I’m curious about creativity in the context of Aikido. What is your experience of that? 

Aikido is an interesting experience. It has relatively few basic techniques but then opens up into freeform exercises that require a lot of physical improvisation. In many ways, it’s like a martial arts version of jazz. Some martial artists don’t necessarily like this idea of a martial art as “the art of expressing the human body,” but there is something to it. Aikido can, when done correctly, provide a way of expressing oneself that is both practical and deeply emotional. One of my main sensei, Dick Stroud, was an artist, a painter. He had a very powerful, vigorous approach to Aikido and painting. He was also a great lover of jazz. I learned a lot about the martial and the artistic from him. For both of us, I think, Aikido was a co-medium of expression for us. Another sensei, Sioux Hall, was a close friend to Stroud-sensei. Stroud-sensei always said she was a terrific artist too. Her approach was less forceful, but equally strong and was always pushing the limits of human movement.

As a former Bostonian, I may have cheered aloud at the end of “Haibun: Morning Commute” when you mentioned subway surfing. You’ve lived a lot of places–California, Hawaii, Japan, Boston. How have these diverse places touched your process and work? 

Thank you, I had fun with that one! Moving around is at the core of a lot of my work. These different places have definitely changed how I perceive life and work. I’ve lived as a minority, as part of a majority, and also as a foreigner. Those experiences changed how I see myself in the world but also how I view our country. I see where we are more clearly and the potential of what we can become if we have the will to do so. Those experiences have changed how I see the trajectory of my new works as I write them.

I’m not sure that travel has changed my process. I think those changes would have happened regardless of where I ended up. I suppose travel has changed how I read though. I had a roommate once who said that the world is too big and so he didn’t feel the need to expand into areas of literature and cinema that he couldn’t really get into. That’s not a concept that I believe in. Exposure is where we push out our limits. Even if we can’t master what we’re seeing, we can still appreciate them and move our imaginations into new spaces.

Can you give an example of something you’ve read that pushed out your limits?

What’s an example of something I’ve read that’s pushed my limits?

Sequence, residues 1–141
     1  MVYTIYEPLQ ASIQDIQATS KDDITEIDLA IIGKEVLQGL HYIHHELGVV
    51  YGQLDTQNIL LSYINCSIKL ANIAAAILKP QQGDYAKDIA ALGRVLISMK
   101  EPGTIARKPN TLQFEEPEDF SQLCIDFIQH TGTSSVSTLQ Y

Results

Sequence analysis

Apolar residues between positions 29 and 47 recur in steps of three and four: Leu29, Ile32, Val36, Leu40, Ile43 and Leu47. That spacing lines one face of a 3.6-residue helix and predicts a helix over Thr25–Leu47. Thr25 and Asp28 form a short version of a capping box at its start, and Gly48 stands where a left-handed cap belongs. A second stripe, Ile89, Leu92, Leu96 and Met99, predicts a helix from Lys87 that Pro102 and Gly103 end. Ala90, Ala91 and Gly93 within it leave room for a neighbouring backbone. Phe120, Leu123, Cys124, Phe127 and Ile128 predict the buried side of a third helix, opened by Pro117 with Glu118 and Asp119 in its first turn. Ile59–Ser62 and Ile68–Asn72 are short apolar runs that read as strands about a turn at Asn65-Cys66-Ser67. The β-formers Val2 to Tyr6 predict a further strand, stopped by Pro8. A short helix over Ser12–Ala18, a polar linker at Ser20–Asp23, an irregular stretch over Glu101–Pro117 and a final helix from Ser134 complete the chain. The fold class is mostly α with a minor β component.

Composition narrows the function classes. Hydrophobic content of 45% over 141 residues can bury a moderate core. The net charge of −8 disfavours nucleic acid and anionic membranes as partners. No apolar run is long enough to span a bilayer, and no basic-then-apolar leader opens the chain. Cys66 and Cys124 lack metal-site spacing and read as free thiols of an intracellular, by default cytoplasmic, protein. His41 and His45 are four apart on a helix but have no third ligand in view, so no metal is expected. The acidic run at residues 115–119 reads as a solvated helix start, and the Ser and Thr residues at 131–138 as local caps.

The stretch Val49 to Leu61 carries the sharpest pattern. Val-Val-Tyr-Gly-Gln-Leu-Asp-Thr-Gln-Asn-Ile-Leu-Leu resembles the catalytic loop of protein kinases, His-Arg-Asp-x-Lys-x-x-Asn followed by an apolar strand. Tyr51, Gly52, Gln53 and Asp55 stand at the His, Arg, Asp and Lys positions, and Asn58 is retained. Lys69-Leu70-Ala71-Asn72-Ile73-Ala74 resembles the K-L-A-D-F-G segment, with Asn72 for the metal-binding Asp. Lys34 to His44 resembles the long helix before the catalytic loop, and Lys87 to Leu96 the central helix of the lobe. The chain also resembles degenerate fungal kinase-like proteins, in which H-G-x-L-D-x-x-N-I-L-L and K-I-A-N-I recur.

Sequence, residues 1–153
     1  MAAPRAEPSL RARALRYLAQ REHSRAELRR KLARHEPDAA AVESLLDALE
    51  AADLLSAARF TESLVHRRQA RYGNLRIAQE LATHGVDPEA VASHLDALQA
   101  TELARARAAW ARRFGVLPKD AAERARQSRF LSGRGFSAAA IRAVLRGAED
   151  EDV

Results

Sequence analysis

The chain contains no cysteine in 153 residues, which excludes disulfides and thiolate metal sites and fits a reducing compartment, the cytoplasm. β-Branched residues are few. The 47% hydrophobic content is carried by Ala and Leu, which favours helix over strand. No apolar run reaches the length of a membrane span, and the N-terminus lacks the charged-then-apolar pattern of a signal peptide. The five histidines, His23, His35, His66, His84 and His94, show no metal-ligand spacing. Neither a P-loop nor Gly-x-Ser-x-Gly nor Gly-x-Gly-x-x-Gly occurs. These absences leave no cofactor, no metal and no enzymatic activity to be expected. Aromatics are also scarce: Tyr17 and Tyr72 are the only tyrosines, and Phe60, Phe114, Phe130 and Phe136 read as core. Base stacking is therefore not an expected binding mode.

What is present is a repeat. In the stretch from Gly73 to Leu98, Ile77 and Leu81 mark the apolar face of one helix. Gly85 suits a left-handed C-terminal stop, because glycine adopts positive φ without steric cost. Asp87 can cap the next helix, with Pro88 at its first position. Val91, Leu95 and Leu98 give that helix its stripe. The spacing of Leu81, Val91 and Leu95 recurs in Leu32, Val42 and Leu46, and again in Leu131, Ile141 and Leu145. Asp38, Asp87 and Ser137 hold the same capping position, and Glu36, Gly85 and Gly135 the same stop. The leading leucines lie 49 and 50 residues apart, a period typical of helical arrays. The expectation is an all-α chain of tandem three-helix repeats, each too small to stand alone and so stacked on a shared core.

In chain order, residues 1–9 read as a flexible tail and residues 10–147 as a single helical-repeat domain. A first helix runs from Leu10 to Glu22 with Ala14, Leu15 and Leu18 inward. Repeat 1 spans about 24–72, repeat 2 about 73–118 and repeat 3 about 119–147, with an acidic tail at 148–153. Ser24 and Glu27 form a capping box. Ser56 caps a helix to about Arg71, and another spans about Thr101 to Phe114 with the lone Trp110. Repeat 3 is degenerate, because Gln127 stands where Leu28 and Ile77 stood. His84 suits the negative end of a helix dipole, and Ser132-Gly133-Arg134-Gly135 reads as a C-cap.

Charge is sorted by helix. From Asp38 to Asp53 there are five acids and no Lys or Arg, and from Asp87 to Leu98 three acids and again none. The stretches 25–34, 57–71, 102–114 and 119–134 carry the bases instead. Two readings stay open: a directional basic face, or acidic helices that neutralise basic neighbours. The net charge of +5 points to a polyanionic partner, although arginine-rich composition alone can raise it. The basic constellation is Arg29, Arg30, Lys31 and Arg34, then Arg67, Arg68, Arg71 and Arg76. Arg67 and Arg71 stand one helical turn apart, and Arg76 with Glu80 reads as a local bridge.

That’s a tough one. A couple of years ago, I read a “The Shape of the Journey” by Jim Harrison. I had tried a few times to read it, but it never really clicked, but then a couple of years ago it really did. I’m not really sure what about the book pushed me, but it did. Not in the content, but something about the style, his use of length, the solidity of his poems challenged me. It’s strange because the way it pushed me was eventually to make my poems smaller, my lines thinner, and my images more and more compact. I’ve always like Jim Harrison’s writing and his writing has always pushed me, but when I think about, I don’t write like him at all nor am I interested in doing it. Isn’t that odd?

I just saw your Twitter, and I have one more question that I just have to ask: You say in your bio that you’re looking for the American warrior poet. Just in case the American warrior poet is reading this interview and doesn’t know their secret identity, what do you expect the American warrior poet to be like?

When I wrote that bio, the American warrior poet was more of an aspirational thing, kind of like the idea of a “Renaissance Man.” There was a notion of being able to do divergent things like martial arts and some sort of art well at the same time. I’m not sure I’m there. I’ve had some success in both. Some who specialize in one or the other are more successful than me, but that’s fine. Things happen slowly for me, and that’s a good thing.

Kristy Harding has an MFA from Goddard College and writes fiction, poetry, and essays. Her work has most recently appeared in White Noise and Ouija Boards: An Anthology of Ghosts and Hauntings from Three Drops Press (as Mara Colleen Banks). She is a native of New England currently living in the Pacific Northwest. Her blog and more conversations with interesting people can be found here.